I have sensed this development from afar. My not actually watching the programme adds, counterintuitively, to the perspicacity of my analysis: I’m like a brilliant Kremlinologist, confined to the bowels of Bletchley Park, who nonetheless sifts the data so well that he knows when Khrushchev is constipated. Mmm, I love cake! So cried Marjorie Dawes in Little Britain when she was making a mockery of the “Fatfighters” – and it’s this mocking cry that resounds throughout contemporary Britain: mmm! We love cake! We love our televisual cake way more than real social justice, which, any way you slice it, remains a pie in the sky – and we love Bake Off’s mixing bowl of ethnicity far more than we do a melting pot – let alone true social mobility. Yes, Bake Off stands proxy for the Britain we’d like to be, but that we can’t be arsed to get off our arses and build, because we’re too busy watching people bake cakes on television.

It was Rab Butler, Churchill’s surprise choice as chancellor in the 1951 Tory government, who popularised the expression “the national cake” – and our new, immaterial national cake is a strange sort of wafer, allowing all of us who take part in Paul’s-and-Mary’s queered communion to experience this strange transubstantiation: the perfect sponge rising, as coal is once more subsidised and the railways renationalised.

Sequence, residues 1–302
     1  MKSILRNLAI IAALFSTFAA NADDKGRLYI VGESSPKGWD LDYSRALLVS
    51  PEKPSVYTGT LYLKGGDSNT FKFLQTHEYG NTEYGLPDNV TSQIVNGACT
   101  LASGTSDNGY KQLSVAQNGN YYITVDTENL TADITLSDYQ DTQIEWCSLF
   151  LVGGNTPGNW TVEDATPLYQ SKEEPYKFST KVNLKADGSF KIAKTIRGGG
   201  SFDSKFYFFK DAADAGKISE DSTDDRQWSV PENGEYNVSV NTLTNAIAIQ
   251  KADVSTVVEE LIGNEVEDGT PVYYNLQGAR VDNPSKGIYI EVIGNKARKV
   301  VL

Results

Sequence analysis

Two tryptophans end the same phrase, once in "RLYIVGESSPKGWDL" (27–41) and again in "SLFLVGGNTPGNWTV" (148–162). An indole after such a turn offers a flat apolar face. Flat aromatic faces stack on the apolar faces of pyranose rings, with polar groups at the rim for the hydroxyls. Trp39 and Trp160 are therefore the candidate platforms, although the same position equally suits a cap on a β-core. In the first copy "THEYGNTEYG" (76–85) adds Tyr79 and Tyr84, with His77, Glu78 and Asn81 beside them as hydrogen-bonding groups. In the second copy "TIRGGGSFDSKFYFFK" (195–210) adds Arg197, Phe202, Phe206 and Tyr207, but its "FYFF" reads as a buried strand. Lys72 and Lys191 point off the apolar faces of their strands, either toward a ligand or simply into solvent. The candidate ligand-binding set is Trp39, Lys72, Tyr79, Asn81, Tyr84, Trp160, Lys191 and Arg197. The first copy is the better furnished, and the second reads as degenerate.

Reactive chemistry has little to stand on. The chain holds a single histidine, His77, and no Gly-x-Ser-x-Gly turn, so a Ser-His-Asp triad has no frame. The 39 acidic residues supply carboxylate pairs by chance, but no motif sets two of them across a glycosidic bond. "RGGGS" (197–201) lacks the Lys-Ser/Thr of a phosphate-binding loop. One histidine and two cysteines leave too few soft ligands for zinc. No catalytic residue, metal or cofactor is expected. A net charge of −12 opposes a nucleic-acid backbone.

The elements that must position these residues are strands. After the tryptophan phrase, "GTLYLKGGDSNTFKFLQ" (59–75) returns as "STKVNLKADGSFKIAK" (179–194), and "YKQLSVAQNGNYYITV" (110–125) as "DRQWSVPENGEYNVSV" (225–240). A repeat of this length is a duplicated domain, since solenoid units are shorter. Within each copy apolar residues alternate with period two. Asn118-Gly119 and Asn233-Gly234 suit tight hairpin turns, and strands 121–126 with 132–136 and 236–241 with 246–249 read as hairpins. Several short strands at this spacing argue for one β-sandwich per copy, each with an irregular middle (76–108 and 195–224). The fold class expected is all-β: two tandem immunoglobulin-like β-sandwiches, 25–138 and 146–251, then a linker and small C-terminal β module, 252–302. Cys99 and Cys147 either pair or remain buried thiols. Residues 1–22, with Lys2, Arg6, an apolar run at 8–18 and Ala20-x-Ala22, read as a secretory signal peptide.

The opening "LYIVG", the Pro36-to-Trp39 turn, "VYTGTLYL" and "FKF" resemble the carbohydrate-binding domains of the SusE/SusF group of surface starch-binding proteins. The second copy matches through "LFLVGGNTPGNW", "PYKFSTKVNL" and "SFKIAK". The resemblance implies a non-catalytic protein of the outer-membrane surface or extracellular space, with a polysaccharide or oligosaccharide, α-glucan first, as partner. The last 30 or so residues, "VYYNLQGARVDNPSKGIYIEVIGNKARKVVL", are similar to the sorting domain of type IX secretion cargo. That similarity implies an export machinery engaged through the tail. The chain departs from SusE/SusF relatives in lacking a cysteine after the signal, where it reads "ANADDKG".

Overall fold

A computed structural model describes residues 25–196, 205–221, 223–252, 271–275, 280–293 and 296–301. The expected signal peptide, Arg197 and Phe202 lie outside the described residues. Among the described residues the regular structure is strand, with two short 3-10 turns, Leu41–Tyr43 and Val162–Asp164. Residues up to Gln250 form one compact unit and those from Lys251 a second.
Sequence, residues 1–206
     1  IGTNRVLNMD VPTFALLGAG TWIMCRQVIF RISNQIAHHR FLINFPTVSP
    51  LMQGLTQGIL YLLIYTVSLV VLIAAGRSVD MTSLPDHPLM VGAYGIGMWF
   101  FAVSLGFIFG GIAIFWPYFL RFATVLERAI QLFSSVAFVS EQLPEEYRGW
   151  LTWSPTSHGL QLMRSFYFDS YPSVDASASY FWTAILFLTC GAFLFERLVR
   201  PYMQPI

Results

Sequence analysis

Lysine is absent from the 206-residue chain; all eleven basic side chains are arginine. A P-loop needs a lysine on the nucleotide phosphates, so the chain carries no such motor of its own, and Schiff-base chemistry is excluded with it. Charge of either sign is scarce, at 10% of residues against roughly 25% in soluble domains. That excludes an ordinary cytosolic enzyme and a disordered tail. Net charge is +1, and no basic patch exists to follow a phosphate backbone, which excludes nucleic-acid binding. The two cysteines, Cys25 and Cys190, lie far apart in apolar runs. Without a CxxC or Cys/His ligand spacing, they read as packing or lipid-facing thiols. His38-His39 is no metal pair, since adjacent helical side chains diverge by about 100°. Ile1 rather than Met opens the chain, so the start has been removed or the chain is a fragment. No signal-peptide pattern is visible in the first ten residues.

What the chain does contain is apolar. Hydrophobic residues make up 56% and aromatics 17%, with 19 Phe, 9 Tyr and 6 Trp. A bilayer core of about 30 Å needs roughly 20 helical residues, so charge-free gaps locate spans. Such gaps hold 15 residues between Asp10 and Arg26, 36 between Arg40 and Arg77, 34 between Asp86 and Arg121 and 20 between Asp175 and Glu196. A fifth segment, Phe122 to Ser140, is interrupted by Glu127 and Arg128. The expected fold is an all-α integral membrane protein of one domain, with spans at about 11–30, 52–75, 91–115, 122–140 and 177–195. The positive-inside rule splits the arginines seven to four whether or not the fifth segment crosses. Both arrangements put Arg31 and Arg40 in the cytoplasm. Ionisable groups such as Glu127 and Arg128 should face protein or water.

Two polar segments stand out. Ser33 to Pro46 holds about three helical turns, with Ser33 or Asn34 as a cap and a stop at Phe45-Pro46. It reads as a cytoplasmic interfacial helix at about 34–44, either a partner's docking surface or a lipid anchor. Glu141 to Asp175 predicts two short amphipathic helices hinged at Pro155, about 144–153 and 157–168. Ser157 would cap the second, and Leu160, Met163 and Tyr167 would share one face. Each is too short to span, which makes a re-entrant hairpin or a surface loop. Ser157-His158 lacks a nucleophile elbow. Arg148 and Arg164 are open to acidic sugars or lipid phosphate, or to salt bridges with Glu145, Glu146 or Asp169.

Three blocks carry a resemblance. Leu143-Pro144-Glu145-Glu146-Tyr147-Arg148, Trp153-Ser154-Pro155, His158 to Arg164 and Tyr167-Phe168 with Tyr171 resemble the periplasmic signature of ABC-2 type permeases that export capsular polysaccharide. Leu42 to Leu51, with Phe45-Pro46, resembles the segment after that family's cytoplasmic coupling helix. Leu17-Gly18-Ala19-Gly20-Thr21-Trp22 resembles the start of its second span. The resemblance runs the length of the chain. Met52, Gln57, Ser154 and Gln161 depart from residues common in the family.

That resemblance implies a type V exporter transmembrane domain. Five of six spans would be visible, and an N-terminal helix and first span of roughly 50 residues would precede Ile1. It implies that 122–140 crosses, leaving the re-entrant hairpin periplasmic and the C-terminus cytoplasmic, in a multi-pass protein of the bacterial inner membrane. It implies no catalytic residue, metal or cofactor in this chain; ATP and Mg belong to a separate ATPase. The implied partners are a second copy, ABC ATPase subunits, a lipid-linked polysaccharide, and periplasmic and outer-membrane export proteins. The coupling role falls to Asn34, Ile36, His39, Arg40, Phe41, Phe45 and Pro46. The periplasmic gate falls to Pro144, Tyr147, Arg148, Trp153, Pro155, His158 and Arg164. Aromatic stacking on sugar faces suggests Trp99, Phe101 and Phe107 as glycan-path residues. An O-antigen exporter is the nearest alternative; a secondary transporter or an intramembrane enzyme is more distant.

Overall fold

Stupid, blind, improvident Tom Watson, buggering off like that – his battles with the fourth estate won’t avail him when it comes to the obscurity of Channel 4. You’ll find yourself sitting there alone in your trailer, Tom, neatly sculpting your facial hair, touching up your maquillage with food colouring – trying to recapture another era, when goatees and Britannia were cool, and Tony and Gordon divided the nation’s fate along with their polenta. Meanwhile, Mel and Sue – and, of course, Mary – will get on with the serious business of baking a patriotic sponge that can be evenly divided into 70 million pieces.

That Bake Off and the Labour Party should collapse at exactly the same time suggests either that the British oven is too cold or too hot, or that the recipe hasn’t been followed properly. Mary Berry has the charisma that occludes charisma: you look at her and think, “What’s the point of that?” But then, gradually, her quiet conviction in her competence starts to win you over – and her judgements hit home hard. Too dense, she’ll say of the offending comestible, her voice creaking like the pedal of the swing-bin that you’re about to dump your failed cake in.